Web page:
A Massive Product Stream: How The Grommet Chooses Products:

  • The Grommet lends credibility to the products it chooses to highlight each day, but only 3% of products actually make the cut.
  • It takes a lot of time to figure out what companies truly stand for, but Grommet does that research for you and takes the time to make sure brands are being truthful.
  • The Grommet engages deeply when a company is or is about to be in production and helps them craft their story and get that product to market.
  • The hardest thing to do is get an audience in a crowded world, and retailers aren't interested in a single-product company in the current climate.

The Power of the Marketplace: How Different Landscapes Highlight Different Products:

  • What are the challenges that marketplaces face today, especially considering the hype around marketplaces as a business model?
  • Jules sees that there is a trend to move more towards marketplaces and becoming increasingly more niche.
  • Etsy and Amazon offer opposite sides of the spectrum when it comes to marketplace originality and ease of shopping.
  • There are a lot of interesting (yet scalable) marketplace models and The Grommet has a very interesting place in this landscape that they will be developing in the near future.

Diminishing Returns: But Not How You Think:

  • The return rate at The Grommet is an infinitesimal 3%, where as other eCommerce sites see returns in the high teens to low twenties percentage wise.
  • The Grommet accomplishes this by using video to create product understanding, and the simple fact that they don't present products that aren't worth your money.
  • The Grommet wins customers based on quality and trust, but most marketplaces are antithetical to those qualities by not providing products that are authentic.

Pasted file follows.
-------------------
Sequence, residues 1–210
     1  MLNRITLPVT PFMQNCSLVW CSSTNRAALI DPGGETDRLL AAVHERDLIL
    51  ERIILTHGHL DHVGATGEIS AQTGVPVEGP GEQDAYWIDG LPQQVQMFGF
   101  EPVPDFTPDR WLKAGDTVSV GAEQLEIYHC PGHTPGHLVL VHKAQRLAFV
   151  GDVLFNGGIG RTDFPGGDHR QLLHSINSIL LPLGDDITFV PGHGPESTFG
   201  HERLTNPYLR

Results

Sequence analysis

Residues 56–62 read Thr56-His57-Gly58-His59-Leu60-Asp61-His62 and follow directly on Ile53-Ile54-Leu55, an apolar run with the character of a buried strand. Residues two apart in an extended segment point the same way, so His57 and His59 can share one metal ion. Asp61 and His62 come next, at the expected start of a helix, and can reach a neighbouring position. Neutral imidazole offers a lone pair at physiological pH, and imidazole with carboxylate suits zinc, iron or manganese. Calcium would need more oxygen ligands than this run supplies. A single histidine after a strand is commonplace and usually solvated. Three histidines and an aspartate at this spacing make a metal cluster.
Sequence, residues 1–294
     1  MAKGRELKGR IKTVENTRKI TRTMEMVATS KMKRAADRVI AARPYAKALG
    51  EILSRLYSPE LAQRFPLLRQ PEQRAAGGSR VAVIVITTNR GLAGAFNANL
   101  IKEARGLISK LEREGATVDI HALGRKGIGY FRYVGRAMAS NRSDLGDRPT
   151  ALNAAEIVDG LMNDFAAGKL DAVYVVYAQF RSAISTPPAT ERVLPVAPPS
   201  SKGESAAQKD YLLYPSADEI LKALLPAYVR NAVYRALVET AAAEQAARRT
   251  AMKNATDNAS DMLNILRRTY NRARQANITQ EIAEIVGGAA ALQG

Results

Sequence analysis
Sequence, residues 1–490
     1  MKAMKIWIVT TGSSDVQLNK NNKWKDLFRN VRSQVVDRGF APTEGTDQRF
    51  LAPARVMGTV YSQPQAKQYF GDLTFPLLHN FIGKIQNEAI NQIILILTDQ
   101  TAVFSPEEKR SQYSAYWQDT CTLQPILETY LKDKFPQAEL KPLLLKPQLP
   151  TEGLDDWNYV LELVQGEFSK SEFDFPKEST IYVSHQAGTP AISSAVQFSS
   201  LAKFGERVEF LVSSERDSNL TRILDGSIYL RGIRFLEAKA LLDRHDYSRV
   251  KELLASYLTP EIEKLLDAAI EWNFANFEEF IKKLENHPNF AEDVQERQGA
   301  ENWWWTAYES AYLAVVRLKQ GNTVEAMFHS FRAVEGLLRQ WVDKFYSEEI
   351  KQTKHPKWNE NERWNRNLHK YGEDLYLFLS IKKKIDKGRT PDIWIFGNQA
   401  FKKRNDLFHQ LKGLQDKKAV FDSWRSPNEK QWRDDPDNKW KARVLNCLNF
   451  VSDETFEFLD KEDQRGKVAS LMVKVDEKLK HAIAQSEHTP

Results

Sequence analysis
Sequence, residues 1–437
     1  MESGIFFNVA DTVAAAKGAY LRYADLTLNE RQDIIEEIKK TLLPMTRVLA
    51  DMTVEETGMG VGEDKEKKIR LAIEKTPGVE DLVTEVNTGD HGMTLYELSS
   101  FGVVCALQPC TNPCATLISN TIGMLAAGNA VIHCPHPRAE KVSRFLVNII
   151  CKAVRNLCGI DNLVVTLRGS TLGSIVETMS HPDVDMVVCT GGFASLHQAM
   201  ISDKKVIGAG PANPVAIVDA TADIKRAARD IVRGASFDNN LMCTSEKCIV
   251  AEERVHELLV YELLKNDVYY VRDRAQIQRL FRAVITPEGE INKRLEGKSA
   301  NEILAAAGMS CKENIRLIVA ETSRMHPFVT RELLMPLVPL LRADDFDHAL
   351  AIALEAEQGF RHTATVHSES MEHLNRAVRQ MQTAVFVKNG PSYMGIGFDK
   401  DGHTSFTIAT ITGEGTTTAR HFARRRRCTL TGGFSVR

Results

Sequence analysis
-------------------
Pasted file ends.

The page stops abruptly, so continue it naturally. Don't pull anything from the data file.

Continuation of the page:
• There was a recent article in the Wall Street Journal that examines how the ceding of product control has led to thousands of banned, unsafe, or mislabeled products.

The Power of the Entrepreneur: Romanticizing Business:

  • Statiscally, 66% of millenials and 75% of high school age students want to start their own businesses.
  • Jules believes that there is a healthy ecosystem forming around the entrepreneurs that The Grommet works with and a lot of products that used to be locked up behind large companies, are now available to the public.
  • It is not just the fact that there is an explosion of entrepreneurial companies that has led to this current market, but also due to an explosion of services and platforms that are helping the entrepreneurial brands.
  • "In the Gold Rush, you want to be in the pickaxe business, because even people who never find gold still need the tool."

The Right to Exist: Who Says What Products Belong in a Marketplace?:

  • Phillip points out that crowdfunding platforms are an easy way to suss out need for a product in the marketplace.
  • Jules reveals that the audiences on crowdfunding platforms tend to be older males with high disposable incomes, and the powerhouse consumers in the economy are older females with high disposable incomes.
  • There is a whole world of opportunity beyond crowdfunding platforms, and companies like Away earn their place in the market by making the experience of purchasing their products better than that of their competitors.
  • Jules personally does not like some of the trendy brands message of cutting out the middle the middle man to get a better product (which she affirms is a lie).

How We Make Stuff Now: Turn Ideas Into Products That Build Successful Businesses:

  • Jules has written a book called "How We Make Stuff Now: Turn Ideas Into Products That Build Successful Businesses".
  • Based upon ten years of running The Grommet, Jules wrote the book to put all of the things she learned from makers into a form of reference for other makers out there.
  • Writing a book was a low-priority bucket list item for Jules, but she found that there was no book like this out there, so she needed to create one for the industry.
  • Due to her unique background and way of thinking, this book is clearly a stand out from other books out there and is truly unique in its advice and suggestions.

Getting Capital: How To Get Funding for Your Product:

  • CircleUp is a platform that aggregates angel investors and does equity funding in a vetted and curated offering to smaller companies.
  • Phillip spent some time with Jason Calacanis and the world of syndicates and angels doing more passive investment is a new way for companies to bring entrepreneurship to market.